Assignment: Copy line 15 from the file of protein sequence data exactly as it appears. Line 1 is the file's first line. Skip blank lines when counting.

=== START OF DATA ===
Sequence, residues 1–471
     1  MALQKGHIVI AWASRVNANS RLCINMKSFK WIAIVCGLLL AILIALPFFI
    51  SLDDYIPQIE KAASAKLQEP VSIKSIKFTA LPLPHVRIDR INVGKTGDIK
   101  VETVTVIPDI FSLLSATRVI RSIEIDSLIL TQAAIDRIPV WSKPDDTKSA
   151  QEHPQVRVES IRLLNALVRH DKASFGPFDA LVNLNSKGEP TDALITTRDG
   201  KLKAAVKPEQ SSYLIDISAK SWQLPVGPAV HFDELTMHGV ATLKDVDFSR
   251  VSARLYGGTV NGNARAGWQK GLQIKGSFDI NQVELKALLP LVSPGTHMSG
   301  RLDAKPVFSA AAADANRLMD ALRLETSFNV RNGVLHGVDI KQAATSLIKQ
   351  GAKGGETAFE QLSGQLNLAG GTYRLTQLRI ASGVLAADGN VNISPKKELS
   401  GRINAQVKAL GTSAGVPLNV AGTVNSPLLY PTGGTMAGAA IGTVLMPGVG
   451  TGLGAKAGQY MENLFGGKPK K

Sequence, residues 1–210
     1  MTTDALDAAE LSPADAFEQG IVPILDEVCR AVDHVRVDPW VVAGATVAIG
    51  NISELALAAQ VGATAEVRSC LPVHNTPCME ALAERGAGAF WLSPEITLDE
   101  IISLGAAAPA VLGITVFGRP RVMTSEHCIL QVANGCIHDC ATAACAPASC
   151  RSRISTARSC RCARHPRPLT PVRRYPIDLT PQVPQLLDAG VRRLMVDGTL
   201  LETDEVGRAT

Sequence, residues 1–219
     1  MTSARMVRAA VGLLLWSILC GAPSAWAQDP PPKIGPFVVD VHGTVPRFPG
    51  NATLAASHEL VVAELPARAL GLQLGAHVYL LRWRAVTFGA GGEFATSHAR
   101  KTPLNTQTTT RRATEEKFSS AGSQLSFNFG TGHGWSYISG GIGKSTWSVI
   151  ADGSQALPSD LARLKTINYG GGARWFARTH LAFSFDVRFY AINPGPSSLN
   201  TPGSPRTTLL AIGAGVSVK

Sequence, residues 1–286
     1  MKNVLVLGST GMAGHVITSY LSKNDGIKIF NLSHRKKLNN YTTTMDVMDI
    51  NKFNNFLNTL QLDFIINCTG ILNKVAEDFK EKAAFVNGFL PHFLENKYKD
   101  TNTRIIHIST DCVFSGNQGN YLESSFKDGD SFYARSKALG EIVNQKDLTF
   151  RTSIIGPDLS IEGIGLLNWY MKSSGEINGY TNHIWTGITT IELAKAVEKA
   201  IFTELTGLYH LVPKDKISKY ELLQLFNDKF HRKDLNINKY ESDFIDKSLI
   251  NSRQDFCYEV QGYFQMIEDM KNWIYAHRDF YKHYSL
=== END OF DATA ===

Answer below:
   101  IISLGAAAPA VLGITVFGRP RVMTSEHCIL QVANGCIHDC ATAACAPASC